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Russell Berrisford

Russell Berrisford

Russell’s support of Derby County eventually led him to leave the country. He has lived in Canada since 2007 and currently writes about soccer for The Vancouver Sun.


The Decline and Fall of Aston Villa

Written by on May 9, 2012 | 12 Comments »
Posted in English Premier League

There are many aspects of Aston Villa that make them an iconic team in the history of the English game.

They were one of the founder members of the League back in 1888; their home ground of Villa Park is one of the great traditional stadiums that (before Wembley became the de facto venue for any game of import) was a regular host of FA Cup semi-finals; they have a European Cup trophy to their name and even their claret and blue colours can’t help but bring to mind a simpler, more noble, era.

How different from what we see today.

Barely scraping away from the relegation zone (with a somewhat fitting backs-to-the-wall home draw against ten man Tottenham) Villa fans must be wondering if another season in the Premier League is less a reprieve and more an extended stay in purgatory.

Manager Alex McLeish wasn’t the most popular appointment given his previous tenure at local rivals Birmingham City but he has somehow managed to allow that popularity to fade even further by consistently putting out a team that appears solely concerned with stifling the game and incapable of providing anything that resembles entertainment in any shape or form.

Yet McLeish has already indicated that he expects to be back next season leaving owner Randy Lerner with the unenviable task of choosing between sticking with an experienced, yet incredibly unpopular, manager or taking a chance on bringing in somebody new with no guarantee that things will turn around for the better.

Indeed Lerner is not the first American to discover that the secret to success in top flight soccer is not the prudent financial restraint that can be used to build a team in North America but rather the kind of “live for today and damn the consequences” style of splurging that is the hallmark of oil billionaires who hail from countries unfettered by the nuisances of human rights and workplace health and safety regulations.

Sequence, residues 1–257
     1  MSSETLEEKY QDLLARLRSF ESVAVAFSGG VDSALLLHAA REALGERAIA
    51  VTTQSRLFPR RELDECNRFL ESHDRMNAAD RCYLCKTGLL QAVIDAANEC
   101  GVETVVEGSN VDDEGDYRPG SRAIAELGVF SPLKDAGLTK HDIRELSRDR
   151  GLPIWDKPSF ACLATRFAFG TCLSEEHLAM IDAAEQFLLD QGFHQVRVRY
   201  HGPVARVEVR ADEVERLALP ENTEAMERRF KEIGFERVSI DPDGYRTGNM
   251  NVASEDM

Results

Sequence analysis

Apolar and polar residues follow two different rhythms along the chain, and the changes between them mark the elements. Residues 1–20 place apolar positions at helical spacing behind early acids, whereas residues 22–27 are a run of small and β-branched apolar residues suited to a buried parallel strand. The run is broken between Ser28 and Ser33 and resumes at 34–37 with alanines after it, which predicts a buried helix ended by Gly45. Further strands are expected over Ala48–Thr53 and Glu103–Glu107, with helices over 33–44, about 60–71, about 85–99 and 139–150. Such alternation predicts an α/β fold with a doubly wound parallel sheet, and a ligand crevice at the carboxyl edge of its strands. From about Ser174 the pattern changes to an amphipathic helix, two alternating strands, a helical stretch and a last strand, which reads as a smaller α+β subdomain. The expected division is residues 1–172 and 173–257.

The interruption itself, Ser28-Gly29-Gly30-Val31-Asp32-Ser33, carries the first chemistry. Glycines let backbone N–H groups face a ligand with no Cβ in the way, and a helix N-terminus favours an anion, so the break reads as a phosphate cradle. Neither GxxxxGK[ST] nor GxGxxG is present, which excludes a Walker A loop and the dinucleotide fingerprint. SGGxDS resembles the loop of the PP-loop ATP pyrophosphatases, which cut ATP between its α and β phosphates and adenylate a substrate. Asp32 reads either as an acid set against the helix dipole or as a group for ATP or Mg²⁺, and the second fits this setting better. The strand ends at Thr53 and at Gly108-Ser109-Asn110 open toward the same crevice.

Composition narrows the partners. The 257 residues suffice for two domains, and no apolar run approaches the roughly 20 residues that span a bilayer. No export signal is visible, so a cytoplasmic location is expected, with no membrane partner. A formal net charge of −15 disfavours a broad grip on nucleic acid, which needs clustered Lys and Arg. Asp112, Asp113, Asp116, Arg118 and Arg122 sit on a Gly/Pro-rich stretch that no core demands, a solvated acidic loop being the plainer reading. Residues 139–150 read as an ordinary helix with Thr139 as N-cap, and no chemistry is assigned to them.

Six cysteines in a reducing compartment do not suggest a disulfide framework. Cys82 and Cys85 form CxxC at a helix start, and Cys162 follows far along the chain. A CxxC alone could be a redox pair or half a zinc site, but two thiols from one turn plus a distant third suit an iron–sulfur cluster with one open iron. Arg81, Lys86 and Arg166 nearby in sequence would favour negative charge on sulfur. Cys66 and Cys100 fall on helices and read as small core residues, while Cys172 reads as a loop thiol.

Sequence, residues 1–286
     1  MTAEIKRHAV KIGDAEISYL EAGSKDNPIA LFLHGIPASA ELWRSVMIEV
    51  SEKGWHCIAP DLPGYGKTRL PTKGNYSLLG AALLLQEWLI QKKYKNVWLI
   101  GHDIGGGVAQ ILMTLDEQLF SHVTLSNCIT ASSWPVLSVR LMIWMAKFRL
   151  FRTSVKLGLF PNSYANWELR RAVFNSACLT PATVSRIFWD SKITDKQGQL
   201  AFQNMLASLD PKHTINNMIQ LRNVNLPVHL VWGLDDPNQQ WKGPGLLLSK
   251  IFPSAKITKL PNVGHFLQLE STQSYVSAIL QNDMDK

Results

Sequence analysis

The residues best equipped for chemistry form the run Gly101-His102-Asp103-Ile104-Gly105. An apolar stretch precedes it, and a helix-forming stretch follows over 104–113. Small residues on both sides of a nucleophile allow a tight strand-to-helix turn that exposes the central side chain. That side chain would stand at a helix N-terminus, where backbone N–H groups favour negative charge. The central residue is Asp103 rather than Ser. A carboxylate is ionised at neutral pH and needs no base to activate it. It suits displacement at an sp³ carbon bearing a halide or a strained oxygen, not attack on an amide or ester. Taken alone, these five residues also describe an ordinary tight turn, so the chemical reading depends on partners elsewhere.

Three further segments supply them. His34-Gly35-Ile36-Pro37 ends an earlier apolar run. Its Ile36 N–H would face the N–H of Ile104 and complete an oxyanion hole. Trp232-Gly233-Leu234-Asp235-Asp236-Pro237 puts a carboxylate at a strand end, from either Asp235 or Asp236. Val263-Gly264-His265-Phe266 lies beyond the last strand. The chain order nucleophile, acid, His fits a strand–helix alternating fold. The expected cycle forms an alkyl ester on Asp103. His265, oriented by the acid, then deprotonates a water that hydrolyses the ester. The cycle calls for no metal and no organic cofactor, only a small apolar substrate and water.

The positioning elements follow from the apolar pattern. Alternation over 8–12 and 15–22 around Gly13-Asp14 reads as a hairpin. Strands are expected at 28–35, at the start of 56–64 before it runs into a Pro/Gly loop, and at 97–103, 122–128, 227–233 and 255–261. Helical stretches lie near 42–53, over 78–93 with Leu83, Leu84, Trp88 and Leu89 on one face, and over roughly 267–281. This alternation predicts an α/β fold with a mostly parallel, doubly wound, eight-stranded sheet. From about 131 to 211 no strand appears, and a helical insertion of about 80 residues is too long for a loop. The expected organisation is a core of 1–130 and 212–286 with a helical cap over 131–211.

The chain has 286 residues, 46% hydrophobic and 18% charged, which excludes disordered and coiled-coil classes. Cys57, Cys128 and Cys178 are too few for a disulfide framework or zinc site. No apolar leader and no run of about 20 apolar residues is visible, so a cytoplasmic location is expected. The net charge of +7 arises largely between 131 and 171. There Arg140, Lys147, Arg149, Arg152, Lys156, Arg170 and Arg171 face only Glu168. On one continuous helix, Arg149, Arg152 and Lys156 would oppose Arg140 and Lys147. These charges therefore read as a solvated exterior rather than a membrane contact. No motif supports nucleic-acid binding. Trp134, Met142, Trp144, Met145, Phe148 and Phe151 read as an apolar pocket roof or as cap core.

Whatever Lerner’s financial plans the supporters will be hoping that McLeish is dispatched with haste and that a new appointee (Roberto Martinez will no doubt be mentioned) can make use of the talented youth at his disposal and, with perhaps just a few judicious signings help the club to “do a Newcastle”, although one suspects that the phrase “do a Newcastle” will begin to feel like a lifelong curse to many an owner and coach in the coming seasons.

The more plausible scenario is that Villa will embark on the  kind of slow decline that has become the signature of so many of the once mighty teams of the English game who find that the revenue from attendance figures alone is no longer enough to allow to them to compete in the modern era.

Villa then are more likely to “do a Sheffield Wednesday” (another team with a storied stadium) than a Newcastle and, like Wednesday, may soon find themselves rooting for promotion rather than worrying over the possibility of relegation.

If that decline means that going to Villa Park eventually becomes more fun that it has been of late then that may be no bad thing, but the current incarnation of the club makes it hard to believe that only three other English teams have won more trophies than the men in Claret and Blue.

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12 responses to “The Decline and Fall of Aston Villa”

  1. Tadaia says:

    Good article Russell but I honestly think that Villa has hit the “bottom”. McLeish is probably a good coach. But while Villa no longer has the likes of Young and has suffered critical injuries, AM doesn’t seem to give the players at his disposal enough credit. Nothing wrong with being pragmatic but I would think it robs the likes of Ireland, N’zogbia, Petrov and Agbonlahor of their spirit.

    Lerner will find a way to recover and stay in the league, though he may have to ditch Eck to do it.

  2. John Bladen says:

    … or a Notts County…

    One can argue it is semantics, but I prefer to think of owners who employ relatively sane fiscal management as not having “fallen behind the group” so much as having stayed with the group.

    Yes, Villa (and others like them) have dropped from being legitimate top 4/6 contenders to relegation ‘hangers on’. But looking at the EPL table, they are far from the only club in that position. If we consider 40 pts to be the ‘safety bar’, no less than 8 teams could be within 2 games (6pts) of it by the finish of play this weekend (not counting the two clubs already relegated). Half the table, in other words.